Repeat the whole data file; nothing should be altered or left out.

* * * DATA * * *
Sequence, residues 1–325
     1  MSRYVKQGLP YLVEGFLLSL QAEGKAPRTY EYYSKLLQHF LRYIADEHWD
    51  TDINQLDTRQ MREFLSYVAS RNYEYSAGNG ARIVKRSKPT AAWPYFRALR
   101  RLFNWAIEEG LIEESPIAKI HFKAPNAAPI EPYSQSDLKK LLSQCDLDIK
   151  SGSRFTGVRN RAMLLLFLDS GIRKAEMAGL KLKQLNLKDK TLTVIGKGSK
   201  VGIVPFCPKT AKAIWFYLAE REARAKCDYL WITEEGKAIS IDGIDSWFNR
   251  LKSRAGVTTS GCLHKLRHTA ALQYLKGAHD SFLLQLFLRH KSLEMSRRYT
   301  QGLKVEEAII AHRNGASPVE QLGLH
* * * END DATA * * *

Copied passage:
Sequence, residues 1–325
     1  MSRYVKQGLP YLVEGFLLSL QAEGKAPRTY EYYSKLLQHF LRYIADEHWD
    51  TDINQLDTRQ MREFLSYVAS RNYEYSAGNG ARIVKRSKPT AAWPYFRALR
   101  RLFNWAIEEG LIEESPIAKI HFKAPNAAPI EPYSQSDLKK LLSQCDLDIK
   151  SGSRFTGVRN RAMLLLFLDS GIRKAEMAGL KLKQLNLKDK TLTVIGKGSK
   201  VGIVPFCPKT AKAIWFYLAE REARAKCDYL WITEEGKAIS IDGIDSWFNR
   251  LKSRAGVTTS GCLHKLRHTA ALQYLKGAHD SFLLQLFLRH KSLEMSRRYT
   301  QGLKVEEAII AHRNGASPVE QLGLH